Former Greens leader Bob Brown's old farmhouse at Liffey has been provisionally heritage-listed, with members of the public being invited to make submissions or objections to the move.
In April, The Examiner reported that a nomination for the property's inclusion on the heritage register was before the Tasmanian Heritage Council.
On Wednesday, the heritage council listed a notice in The Examiner to notify the public of its intention to provisionally list 'Oura Oura', as the property is known.
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"A submission, or objection, must be made in writing and lodged with the Tasmanian Heritage Council within 60 days of the date of this notice," Tasmanian Heritage Council chairman Brett Torossi said in the notice.
A charming farmhouse tucked away on a 14 hectare property in Liffey Valley, Oura Oura is the birthplace of the Australian green movement. Dr Brown bought the property in 1973, roughly a year after arriving in Tasmania from New South Wales to work as a GP at Mowbray Heights.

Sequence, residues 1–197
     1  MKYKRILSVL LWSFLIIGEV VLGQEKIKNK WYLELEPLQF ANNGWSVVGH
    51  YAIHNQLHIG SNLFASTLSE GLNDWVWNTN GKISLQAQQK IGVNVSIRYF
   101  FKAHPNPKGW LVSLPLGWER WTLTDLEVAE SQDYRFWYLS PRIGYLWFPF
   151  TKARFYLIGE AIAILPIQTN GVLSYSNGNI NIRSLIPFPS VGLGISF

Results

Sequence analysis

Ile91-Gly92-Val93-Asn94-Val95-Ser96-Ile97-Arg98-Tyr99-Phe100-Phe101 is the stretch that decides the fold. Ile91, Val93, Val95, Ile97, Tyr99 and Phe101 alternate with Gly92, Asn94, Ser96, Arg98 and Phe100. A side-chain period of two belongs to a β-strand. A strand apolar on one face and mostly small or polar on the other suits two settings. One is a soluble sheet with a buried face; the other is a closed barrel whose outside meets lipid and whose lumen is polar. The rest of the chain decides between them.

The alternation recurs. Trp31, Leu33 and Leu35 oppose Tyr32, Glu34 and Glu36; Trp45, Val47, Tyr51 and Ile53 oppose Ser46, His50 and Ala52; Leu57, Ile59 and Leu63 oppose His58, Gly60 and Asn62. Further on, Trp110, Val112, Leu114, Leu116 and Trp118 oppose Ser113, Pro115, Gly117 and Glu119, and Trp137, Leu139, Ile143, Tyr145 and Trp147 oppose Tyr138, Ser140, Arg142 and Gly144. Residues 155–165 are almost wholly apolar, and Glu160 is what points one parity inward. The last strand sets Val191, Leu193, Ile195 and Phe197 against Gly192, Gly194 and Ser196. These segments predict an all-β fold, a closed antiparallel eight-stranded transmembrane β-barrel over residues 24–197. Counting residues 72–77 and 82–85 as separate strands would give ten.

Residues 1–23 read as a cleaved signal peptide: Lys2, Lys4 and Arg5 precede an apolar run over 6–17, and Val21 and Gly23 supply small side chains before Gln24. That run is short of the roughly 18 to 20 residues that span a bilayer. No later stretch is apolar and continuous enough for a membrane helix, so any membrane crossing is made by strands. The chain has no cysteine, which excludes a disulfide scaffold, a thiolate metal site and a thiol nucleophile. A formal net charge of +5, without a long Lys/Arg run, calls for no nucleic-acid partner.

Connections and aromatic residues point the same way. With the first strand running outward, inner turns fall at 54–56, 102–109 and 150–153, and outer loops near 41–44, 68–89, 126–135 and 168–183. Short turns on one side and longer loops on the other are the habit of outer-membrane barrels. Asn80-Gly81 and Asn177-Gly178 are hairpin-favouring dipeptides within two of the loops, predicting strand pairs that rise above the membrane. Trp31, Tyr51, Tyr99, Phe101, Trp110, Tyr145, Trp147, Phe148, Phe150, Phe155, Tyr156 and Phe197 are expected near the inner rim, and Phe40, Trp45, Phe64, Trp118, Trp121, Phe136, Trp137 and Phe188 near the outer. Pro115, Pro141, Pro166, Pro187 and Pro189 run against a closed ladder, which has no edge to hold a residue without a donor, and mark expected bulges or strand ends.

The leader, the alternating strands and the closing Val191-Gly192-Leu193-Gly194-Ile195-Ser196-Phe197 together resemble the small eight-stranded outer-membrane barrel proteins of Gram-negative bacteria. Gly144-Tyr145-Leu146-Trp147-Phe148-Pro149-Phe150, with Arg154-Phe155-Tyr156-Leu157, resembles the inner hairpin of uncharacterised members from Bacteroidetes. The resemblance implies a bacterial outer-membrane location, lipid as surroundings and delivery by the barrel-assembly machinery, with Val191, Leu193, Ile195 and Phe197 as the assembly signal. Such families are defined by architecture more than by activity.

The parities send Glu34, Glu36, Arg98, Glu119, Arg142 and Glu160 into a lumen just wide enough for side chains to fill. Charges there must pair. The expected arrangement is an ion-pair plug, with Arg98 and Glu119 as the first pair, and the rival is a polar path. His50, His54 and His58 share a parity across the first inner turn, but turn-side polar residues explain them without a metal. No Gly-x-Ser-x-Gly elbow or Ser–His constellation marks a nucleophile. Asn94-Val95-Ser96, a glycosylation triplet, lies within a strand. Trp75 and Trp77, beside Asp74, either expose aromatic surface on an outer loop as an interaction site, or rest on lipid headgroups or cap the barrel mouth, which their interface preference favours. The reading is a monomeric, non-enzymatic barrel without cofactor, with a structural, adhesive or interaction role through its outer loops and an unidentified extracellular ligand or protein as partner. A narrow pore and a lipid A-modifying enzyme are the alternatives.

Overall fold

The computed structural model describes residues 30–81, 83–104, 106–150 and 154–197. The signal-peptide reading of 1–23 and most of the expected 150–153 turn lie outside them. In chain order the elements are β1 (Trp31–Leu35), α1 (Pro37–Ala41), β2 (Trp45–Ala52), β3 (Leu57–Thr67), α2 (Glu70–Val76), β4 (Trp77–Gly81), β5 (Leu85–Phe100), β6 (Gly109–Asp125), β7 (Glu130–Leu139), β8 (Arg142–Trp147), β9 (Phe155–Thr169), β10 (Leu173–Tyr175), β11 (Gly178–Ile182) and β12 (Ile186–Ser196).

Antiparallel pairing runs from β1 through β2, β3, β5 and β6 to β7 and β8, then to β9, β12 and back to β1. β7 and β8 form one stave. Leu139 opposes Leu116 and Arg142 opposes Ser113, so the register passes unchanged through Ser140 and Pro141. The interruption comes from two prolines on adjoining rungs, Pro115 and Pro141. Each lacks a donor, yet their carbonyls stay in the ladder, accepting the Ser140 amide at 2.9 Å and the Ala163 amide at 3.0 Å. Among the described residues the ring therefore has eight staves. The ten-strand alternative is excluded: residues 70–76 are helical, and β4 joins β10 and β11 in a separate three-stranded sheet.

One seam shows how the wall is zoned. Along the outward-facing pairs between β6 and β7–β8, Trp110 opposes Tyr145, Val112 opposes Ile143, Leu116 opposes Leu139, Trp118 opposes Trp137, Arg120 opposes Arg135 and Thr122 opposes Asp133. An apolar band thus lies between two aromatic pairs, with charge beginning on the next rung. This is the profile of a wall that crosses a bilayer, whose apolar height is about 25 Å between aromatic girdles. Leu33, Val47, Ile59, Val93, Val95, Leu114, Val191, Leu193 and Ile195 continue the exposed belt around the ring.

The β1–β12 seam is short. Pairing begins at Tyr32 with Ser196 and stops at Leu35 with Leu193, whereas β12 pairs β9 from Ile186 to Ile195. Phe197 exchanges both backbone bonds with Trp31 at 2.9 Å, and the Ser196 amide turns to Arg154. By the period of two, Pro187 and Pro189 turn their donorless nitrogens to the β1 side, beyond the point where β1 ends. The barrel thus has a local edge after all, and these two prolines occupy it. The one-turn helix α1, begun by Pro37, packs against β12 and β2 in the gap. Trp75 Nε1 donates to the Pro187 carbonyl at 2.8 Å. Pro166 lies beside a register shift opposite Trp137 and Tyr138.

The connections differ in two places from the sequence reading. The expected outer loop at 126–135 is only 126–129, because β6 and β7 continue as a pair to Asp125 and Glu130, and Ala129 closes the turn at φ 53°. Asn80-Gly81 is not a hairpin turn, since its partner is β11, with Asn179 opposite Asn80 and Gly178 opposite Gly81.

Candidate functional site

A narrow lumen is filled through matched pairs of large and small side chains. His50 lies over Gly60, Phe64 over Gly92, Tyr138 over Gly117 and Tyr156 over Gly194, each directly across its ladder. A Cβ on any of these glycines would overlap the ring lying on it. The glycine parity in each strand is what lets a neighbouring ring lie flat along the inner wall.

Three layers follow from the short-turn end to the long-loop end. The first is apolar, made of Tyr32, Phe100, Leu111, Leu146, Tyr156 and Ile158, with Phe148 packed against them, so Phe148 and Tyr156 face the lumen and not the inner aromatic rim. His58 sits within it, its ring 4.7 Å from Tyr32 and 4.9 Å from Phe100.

It was at Oura Oura that Dr Brown conceived of the Tasmanian Greens, the political party that later spawned the Australian Greens. The Wilderness Society and Bush Heritage Australia, a not-for-profit that buys and manages land across the country, also had their beginnings there.
A submission, or objection, must be made in writing and lodged with the Tasmanian Heritage Council within 60 days of the date of this notice.Brett Torossi, Tasmanian Heritage Council chairman
Dr Brown and his partner Paul Thomas gifted the property to Bush Heritage Australia in 2011, after having moved into a place together at Randalls Bay, south of Cygnet.
The forces against the damming of the Franklin River were first mobilised at Oura Oura, leading to the famous High Court decision in 1983 which saw the Hawke government win a landmark case against the Tasmanian government, ensuring the dam was never built.